Days of Saints and The Dead

Claim your saintly identity with each step on your path.

The Grandfather whispered these words in my ear during the passing of the peace.  The Grandfather was reiterating the message of the Bishop's sermon - what we believe is what the Apostle Paul writes in his letters:  sainthood comes in baptism.  We belong to God's kingdom now, and we live full, fruitful lives when we live in God's way right now.  Some day we will be laid out dead in a church and people will remember us, but we don't wait until that moment to claim our sainthood. 

Today we celebrated All Saints Day in the Salvadoran Lutheran Church.  Today we remembered our loved ones, the saints who have gone beyond this short life into the long life of eternity.  Today we honored the saints who lived inspirational lives of faith and who, like the Lutheran pastors Francisco and Jesusita, lost their lives because of their Godly work. 

Día de los Muertos celebration with Aztec dancers (USA)
Depending on our religious traditions and our cultures, we celebrate All Saints Day in different ways.  In the US, we might know the history of All Hallow's Eve (Halloween) and All Hallows Day (or All Saints Day).  If we come from a Roman Catholic background, we might also know about All Souls Day.  In many places such as in my home city in the US, churches and community groups are working together to build stronger intercultural relationships, so that celebrating el Día de los Muertos (Day of the Dead) brings local indigenous culture together with cultures of native peoples from throughout the Americas together with Christian celebrations.  In general, we can say that many US Christians recognize the days of the saints as a time of year in which to honor and remember the lives of loved ones who have died and to specially recognize and hold up those great role models of faith who inspire and guide us.

In El Salvador, the celebrations surrounding All Saints Day are much more widely practiced than in the United States.  Families dedicate time inside and outside of church to honor their deceased loved ones and spend time together.

From El Diaro de Hoy
In Tonacatepeque, the saints days festivities begin with the Fiesta de la CalabiuzaThis year, the festival was held on November 1st.  The festival celebrates the local legends and mysteries which have been handed down through generations of campesinos.  (If you click on the "legends" label to your right, you can find various stories which I have transcribed and translated over the years.)  Due to a flight delay, we missed out on this year's festival, but a quick visit to the town's Facebook page took me to some good photos, videos and news reports of this year's events.  Apparently the town used more than 500 pumpkins to make the traditional "pumpkin in honey" treat that everyone eats after the parade.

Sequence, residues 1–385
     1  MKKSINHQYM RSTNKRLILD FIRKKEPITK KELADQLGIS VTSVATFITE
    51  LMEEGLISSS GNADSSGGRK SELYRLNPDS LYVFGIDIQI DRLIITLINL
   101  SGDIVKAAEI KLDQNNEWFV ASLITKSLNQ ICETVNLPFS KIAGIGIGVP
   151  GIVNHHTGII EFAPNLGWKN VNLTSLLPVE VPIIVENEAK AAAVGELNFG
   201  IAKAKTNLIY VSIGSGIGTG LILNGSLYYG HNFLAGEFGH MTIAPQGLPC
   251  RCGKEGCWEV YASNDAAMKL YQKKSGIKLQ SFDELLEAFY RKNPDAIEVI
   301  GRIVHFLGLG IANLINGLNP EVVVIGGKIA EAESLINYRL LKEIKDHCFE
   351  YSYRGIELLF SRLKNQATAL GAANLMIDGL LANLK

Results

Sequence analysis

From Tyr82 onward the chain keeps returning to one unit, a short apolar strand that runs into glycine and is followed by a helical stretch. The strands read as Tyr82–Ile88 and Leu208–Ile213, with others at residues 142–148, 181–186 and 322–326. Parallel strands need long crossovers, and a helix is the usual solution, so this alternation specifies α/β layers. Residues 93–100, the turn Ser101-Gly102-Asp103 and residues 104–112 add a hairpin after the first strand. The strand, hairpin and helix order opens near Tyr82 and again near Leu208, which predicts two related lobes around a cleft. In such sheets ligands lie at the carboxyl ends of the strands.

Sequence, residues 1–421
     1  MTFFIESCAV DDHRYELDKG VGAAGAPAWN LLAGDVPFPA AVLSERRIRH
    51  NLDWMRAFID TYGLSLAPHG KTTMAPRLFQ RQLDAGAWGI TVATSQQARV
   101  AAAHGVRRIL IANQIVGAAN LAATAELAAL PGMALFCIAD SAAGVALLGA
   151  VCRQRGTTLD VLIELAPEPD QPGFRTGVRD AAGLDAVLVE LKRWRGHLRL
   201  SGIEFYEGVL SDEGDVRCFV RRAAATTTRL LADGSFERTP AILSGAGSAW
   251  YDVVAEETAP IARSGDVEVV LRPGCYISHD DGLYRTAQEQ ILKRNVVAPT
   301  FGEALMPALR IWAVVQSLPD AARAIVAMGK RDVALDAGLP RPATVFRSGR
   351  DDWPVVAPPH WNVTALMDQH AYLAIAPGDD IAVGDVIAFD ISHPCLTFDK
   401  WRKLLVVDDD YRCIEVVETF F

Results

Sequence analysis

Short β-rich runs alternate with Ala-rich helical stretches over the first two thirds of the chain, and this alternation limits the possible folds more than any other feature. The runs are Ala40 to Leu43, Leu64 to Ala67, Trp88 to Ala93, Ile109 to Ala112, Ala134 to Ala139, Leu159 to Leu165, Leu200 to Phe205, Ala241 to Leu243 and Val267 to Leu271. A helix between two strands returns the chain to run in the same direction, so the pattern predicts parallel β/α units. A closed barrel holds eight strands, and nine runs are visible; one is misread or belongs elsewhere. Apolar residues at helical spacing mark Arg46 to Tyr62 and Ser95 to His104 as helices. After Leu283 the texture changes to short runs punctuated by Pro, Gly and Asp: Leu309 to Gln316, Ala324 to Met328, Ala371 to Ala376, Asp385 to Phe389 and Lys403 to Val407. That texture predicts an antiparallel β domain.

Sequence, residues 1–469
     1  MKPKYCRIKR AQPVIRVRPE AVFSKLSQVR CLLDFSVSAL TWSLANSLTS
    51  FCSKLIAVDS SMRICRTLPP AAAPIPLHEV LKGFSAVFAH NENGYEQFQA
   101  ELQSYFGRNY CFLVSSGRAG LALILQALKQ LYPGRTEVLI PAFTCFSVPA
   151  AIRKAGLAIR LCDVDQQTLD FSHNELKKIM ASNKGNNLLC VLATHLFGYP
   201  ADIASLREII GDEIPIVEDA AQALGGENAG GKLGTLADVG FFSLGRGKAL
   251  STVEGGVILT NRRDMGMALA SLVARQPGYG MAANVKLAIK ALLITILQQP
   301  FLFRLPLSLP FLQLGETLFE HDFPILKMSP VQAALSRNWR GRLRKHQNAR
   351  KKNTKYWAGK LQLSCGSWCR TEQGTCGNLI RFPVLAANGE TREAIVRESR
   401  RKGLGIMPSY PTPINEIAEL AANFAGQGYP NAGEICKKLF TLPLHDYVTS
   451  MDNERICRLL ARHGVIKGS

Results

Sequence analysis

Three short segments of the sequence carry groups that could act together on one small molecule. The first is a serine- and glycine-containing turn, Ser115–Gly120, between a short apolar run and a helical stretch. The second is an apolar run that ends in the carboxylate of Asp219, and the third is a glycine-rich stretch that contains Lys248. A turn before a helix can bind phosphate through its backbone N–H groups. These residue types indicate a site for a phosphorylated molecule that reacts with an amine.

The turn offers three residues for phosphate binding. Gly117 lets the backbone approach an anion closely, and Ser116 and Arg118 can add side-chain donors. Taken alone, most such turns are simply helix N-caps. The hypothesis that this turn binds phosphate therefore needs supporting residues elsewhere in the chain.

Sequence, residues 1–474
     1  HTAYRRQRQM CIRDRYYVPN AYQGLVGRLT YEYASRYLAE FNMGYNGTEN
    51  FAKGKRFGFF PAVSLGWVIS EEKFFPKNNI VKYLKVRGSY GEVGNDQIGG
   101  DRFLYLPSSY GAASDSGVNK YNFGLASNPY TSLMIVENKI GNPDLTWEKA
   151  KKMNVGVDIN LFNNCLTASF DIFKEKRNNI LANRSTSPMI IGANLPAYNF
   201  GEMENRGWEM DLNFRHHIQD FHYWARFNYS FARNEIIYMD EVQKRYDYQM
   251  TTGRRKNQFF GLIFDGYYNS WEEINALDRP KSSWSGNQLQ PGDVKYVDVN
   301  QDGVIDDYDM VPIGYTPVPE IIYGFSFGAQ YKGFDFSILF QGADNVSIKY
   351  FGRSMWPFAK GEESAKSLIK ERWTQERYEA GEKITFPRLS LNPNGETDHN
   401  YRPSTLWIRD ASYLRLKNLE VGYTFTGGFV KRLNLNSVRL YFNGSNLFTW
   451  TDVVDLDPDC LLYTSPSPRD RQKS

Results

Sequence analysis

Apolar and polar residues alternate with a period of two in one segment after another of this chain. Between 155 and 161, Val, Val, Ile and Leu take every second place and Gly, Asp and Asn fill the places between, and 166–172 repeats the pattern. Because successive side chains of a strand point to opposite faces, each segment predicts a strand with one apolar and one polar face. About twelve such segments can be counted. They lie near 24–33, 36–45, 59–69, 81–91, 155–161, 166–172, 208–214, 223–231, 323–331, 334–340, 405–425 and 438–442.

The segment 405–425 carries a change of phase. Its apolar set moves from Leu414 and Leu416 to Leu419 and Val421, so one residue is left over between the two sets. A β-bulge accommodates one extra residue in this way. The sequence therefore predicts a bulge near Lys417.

Plastic garlands on a couple of our altars from our US
Day of the Dead celebration - I learned how to make
these a few years ago from some women in Tonacatepeque.
November 1st is All Saints Day.  Historically this was a day in the Roman Catholic Church celebrated in honor of those who had been declared saints by the church.  Now this celebration has mostly been relegated to a Sunday celebration. 

In El Salvador, November 2nd is the Día de los Muertos or Día de los Difuntos (Day of the Dead or Deceased).  Traditionally, this was a day on which families prayed for their loved ones who had died but were not yet in the presence of God, and for some this remains a strong tradition.  November 2nd is an official government holiday.  Offices and schools are closed.  Because this year Día de los Muertos fell on a Thursday, we observed that schools were also not in session on Friday, November 3rd.  The Days of the Dead bring families to the cemeteries, where they clean and decorate the tombs of their loved ones.  Many of the families use plastic flowers, pinwheels and plastic garlands as grave decorations which will last until Christmas.  Sometimes a family will bring food and music (perhaps a mariachi group) into the graveyard and share a sort of picnic beside their loved ones. 

As cultures from North, Central and South America increasingly intersect, traditions evolve and grow.  We are certainly richer, I think, when we can share each other's stories, histories and traditions.  It is important not to make assumptions, such as equating the Fiesta de la Calabiuza with Halloween (which comes from an Anglo-Saxon tradition, and not Central America), nor to draw broad generalizations about any culture.

A photo taken today in the US at a
Lutheran Church (credit to Pastor Eric)
As the names of deceased loved ones were read during worship at the Lutheran Church today, candles were placed on the floor in the shape of a cross.  The Bishop reminded us that if we feel like crying, we should cry.  If we feel like laughing, we should laugh.  We are saints and we are not perfect, and we have each other.  And while we surely should never abandon the graves of our loved ones, we are wise to spend the days of the dead with the saints who are still walking in this life. 

These are the days of the saints and of the dead.  So begins November, the month of the martyrs.  In El Salvador, November is a month of remembering and giving thanks for those who have taught us how to claim our sainthood as we take each step on our path in this short life on earth.





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